Key dates in ODA history
The Oregon Legislature consolidates 13 boards, bureaus, and commissions to create the Oregon Department of Agriculture.
With the outbreak of World War II, more than 40 percent of ODA's staff is mobilized for military service either by enlisting or being drafted. ODA continued functioning at a high level thanks to a dedicated remaining staff that included a higher-than-usual percentage of women and older employees.
ODA creates the Division of Market Development, officially recognizing the importance of marketing Oregon's agricultural commodities.
The American Academy of Allergy gives special commendation to ODA for its ragweed control program, the first of several successful weed control efforts that continue today.
Gov. Mark Hatfield signs the Oregon Department of Agriculture Reorganization Act, giving new authority to ODA's director and providing a non-partisan Board of Agriculture.
ODA starts looking for pesticide residues in food with an emphasis on milk and dairy products as well as fresh fruit and vegetables collected at wholesale and retail levels. While the levels were generally low or non-detectable, the public was afforded a new level of assurance.
A new Agriculture Building in Salem is dedicated. The new facility offers more convenience and access to the public and provides a better working environment to the staff.
Oregon reaches a milestone in animal disease control by receiving brucellosis-free status, thanks largely to efforts by the State Veterinarian and ODA's Animal Health Program.
ODA spearheads the largest gypsy moth eradication project ever undertaken in the West. Nearly a quarter-million acres were sprayed using a biological insecticide that targets the gypsy moth. The eradication is successful.
ODA establishes the Export Service Center — a certified lab that can fast track US food products to Japan, and in later years, additional Asian markets. It was a first-of-its-kind program to assure overseas customers that the food being tested met that country's requirements and specifications.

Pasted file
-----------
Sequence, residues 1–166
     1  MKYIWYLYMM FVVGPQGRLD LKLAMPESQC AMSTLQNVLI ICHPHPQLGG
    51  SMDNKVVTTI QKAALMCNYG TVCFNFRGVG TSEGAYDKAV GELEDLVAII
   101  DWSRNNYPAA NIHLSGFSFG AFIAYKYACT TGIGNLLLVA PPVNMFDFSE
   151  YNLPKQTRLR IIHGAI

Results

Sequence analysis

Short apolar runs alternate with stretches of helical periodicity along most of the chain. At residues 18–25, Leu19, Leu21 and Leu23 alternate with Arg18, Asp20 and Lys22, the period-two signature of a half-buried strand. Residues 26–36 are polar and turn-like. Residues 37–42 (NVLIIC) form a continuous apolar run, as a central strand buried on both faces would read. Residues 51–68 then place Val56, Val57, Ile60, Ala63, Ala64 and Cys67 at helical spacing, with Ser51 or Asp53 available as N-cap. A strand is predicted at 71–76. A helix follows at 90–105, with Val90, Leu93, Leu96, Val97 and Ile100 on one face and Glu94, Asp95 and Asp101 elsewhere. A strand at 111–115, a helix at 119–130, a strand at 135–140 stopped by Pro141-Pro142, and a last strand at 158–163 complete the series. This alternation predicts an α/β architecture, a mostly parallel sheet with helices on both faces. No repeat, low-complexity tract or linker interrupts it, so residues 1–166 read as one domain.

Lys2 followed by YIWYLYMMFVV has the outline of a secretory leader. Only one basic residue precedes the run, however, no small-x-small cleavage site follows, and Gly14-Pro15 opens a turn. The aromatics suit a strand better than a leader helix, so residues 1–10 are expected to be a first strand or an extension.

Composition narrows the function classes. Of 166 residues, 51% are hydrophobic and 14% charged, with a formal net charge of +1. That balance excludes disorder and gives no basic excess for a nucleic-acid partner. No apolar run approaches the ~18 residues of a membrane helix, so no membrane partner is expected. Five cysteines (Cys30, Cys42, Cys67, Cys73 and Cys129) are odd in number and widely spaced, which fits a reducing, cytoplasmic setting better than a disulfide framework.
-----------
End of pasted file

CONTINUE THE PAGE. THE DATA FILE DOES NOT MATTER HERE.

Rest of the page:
ODA adopts its current three-pronged mission statement to (1) ensure food safety and consumer protection, (2) protect the natural resource base for present and future generations of farmers and ranchers, and (3) promote economic development and expand market opportunities for Oregon agricultural products.
Oregon Legislature passes Senate Bill 1010, which gives birth to ODA's Agricultural Water Quality Program. Lawmakers also give ODA the responsibility to assure motor fuel meets quality standards.
Floodwaters from nearby Mill Creek force evacuation of the Agriculture Building. ODA is forced to move to temporary quarters for two years while the building is rebuilt.
Trade ties with China are strengthened as ODA helps increase exports of Oregon grass seed and nursery products while the country addresses erosion and beautification concerns well in advance of the 2008 Summer Olympics in Beijing.
ODA is heavily involved in the nation's first case of BSE in cattle, discovered in neighboring Washington state.
ODA distributes more than $1 million in federal funds as part of the first Specialty Crop Block Grant Program awards. These funds have continued to be awarded every year since.
ODA helps Oregon become the first state allowed to ship fresh blueberries into South Korea, a breakthrough that was years in the making.
Genetically engineered wheat is discovered in Northeast Oregon. ODA coordinates with USDA and the wheat industry to help keep export markets open.
Shortly after being reported in neighboring Washington, Oregon detects its first case of high path avian influenza (HPAI) in a flock of backyard birds. ODA and USDA contain the outbreak but a separate introduction of the disease devastates the Midwest poultry industry.
The first licenses for industrial hemp production in Oregon are approved by ODA. The new program is poised to expand in the years to come.
Oregon Department of Agriculture history
History of ODA over the past 50 years with a timeline. History of ODA